Extra virgin olive oil: genuine or fake?
Reveal adulteration through FTIR spectroscopy
Consumer demands and their preoccupation with a rational and healthy diet require a high consumption of vegetable oils rich in unsaturated fatty acids. In Central and North European countries, this has led to increased imports of expensive oils. Extra virgin olive oil (EVOO) is one of the favorite products of European consumers. High prices of EVOO cause some producers and traders to focus on their partial or total substitution through cheaper oils (sunflower oil, soybean oil).
Establishing the authenticity of EVOO continues to be of great interest to scientists and consumers, and detecting adulteration of EVOO for economic gain is an ongoing concern for regulatory agencies. Many of the official methods used to detect adulteration of EVOO are labor intensive, time consuming and generally require more than one method. This study proposes a FTIR method without the need of sample preparation, to establish rapidly the authenticity of EVOO product.
Methods and materials
Mixtures of EVOO with maize oil, soybean oil and sunflower oil at various ratios (w/w) were measured using a Shimadzu IRAffinity-1S FTIR spectrometer and a single reflection diamond ATR attachment. The data collected were processed after performing ATR correction using 1,000 cm-1 as a reference wavenumber. The origin of oil samples was well known and the authenticity was checked with appropriate chromatographic methods.
Results and discussion
The FTIR spectra of EVOO, maize oil, sunflower oil and soybean oil are shown in figure 1. All of them are characterized by the same well evident peaks at 900 – 1,400 cm-1, 1,700 – 1,800 cm-1 and 2,800 – 3,100 cm-1. The spectral structure of edible oils is mainly due to lipid molecules containing fatty acids. The similarity of the spectra reflects the similarity in the chemical composition of these oils. Nevertheless, minor differences appear in a more detailed analysis in terms of small band shifts and of small differences in relative intensity.
Figure 1: FTIR spectra of maize oil, soybean oil, sunflower oil and EVOO in the range 400 – 3.400 cm-1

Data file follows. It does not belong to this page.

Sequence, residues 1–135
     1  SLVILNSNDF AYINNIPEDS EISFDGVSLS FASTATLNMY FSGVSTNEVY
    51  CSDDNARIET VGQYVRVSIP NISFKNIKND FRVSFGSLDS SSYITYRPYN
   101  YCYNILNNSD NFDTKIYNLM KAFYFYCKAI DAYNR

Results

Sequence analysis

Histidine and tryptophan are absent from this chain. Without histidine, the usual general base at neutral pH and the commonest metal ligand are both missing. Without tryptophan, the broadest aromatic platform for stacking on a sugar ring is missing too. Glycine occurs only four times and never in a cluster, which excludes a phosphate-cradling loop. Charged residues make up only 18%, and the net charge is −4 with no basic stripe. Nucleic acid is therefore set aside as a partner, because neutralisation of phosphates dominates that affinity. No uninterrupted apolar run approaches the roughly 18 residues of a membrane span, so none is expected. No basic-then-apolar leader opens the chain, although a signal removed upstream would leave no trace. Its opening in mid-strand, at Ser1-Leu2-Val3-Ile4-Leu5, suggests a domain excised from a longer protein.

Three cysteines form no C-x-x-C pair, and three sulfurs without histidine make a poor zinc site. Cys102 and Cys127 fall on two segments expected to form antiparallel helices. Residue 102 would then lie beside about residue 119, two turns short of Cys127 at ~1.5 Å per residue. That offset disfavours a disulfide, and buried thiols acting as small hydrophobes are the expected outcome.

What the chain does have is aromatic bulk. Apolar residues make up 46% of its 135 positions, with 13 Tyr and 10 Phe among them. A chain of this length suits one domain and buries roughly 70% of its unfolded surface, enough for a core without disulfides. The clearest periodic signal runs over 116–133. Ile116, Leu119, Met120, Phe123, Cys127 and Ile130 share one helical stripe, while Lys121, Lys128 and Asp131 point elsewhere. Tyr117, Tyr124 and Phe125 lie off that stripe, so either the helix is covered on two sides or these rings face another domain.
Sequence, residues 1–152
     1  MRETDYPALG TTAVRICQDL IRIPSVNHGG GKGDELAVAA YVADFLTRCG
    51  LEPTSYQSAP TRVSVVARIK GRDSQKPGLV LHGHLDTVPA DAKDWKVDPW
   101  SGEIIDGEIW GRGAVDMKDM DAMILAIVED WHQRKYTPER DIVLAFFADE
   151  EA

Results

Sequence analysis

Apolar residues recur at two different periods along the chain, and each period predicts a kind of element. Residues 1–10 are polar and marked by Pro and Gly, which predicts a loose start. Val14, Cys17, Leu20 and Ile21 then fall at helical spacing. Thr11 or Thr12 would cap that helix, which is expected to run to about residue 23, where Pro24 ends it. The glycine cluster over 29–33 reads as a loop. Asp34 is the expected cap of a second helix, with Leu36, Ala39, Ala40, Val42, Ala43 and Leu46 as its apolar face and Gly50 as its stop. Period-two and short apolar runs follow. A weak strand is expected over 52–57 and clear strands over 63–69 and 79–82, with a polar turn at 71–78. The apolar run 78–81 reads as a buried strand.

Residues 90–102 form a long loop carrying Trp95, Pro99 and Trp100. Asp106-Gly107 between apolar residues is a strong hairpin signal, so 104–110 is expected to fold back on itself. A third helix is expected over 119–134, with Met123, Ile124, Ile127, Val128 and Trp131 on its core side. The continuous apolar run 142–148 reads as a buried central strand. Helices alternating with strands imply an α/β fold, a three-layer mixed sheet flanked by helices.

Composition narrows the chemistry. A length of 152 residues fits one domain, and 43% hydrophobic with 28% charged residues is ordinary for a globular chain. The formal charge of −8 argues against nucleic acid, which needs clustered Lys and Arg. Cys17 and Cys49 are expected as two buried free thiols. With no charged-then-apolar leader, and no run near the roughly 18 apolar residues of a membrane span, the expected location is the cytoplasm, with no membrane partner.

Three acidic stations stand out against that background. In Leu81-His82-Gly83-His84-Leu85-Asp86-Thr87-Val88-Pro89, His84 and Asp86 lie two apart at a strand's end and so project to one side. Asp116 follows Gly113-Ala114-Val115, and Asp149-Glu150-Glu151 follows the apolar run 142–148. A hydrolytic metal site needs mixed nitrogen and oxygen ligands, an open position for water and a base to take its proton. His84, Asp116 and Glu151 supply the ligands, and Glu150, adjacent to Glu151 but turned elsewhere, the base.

With closer inspection of the FTIR spectra of these oils, some differences located at around 900 cm-1 are evident in figure 2. From the literature, it can be evinced that the band at ca. 914 cm-1 is related to the out-of-plane bending vibration of the =C–H group. This vibration is present due to trans-fatty acids, which are totally absent in EVOO but are present in all refined oils. Thus adulteration of EVOO with any of these seed oils can be determined by measuring the absorbance at ca. 914 cm-1.
Figure 2: FTIR spectra of maize oil, soybean oil, sunflower oil and EVOO in the range 850 – 950 cm-1
In the FTIR spectra of EVOO, this band is best defined in the range from ca. 895 to 925 cm-1. By using the corrected area between 895 and 925 cm-1 for the determination (i.e. by setting the spectral points at 895 and 925 cm-1 as baseline points), the effects of the horizontal shifting of the band and of the vertical shifting of the baseline for different ratios of EVOO and adulterant are canceled.
Figure 3a and 3b: FTIR spectra in the range 850 – 950 cm-1 and calibration curve for mixtures of EVOO with maize oil.
Table 1: Results of linear regression for mixtures of EVOO with maize oil, sunflower and soybean oil
Table 2: Results of linear regression for mixtures of EVOO with maize oil, sunflower oil and soybean oil
Table 1 shows the results obtained using different mixtures (w/w) of EVOO with maize oil, sunflower oil and soybean oil. The relevant spectra and calibration curves for maize oil, sunflower oil and soybean oil are shown in figure 3, figure 4 and figure 5 respectively. It is noteworthy, not only that the results are linear, but also that a single calibration curve can be constructed for all of these adulterants (figure 6). The results are shown in table 2. The LOD and LOQ values determined based on the residual standard deviations of the overall regression line were 3 % and 9 % (w/w) respectively.
Figure 4a and 4b: FTIR spectra in the range 850 – 950 cm-1 and calibration curve for mixtures of EVOO with sunflower oil
Figure 5a and 5b: FTIR spectra in the range 850 – 950 cm-1 and calibration curve for mixtures of EVOO with soybean oil
Figure 6: Calibration curve for mixtures of EVOO with maize oil, sunflower oil and soybean oil
FTIR spectroscopy provides a good means for the fast determination of adulteration of EVOO with maize oil, soybean oil and sunflower oil. The proposed method does not require sample preparation and eliminates the need for using organic solvents. The band at ca. 914 cm-1 is an excellent target for this determination since its data are linear and produce similar results for the adulteration of EVOO irrespective of the adulterant being used (maize oil, soybean oil or sunflower oil).
This method is suitable for detecting adulteration of EVOO down to 3 %. For lower detection limits, horizontal attenuated total reflection HATR or the classical transmission mode techniques may be used. Both need more sample preparation and solvents.
For sophisticated adulteration, official chromatographic methods or in-house developed methods from expert contract laboratories are more appropriate.
Manos Barbounis, Konstantinos Tampouris,
Dimitrios Georgantas, N. Asteriadis S.A.
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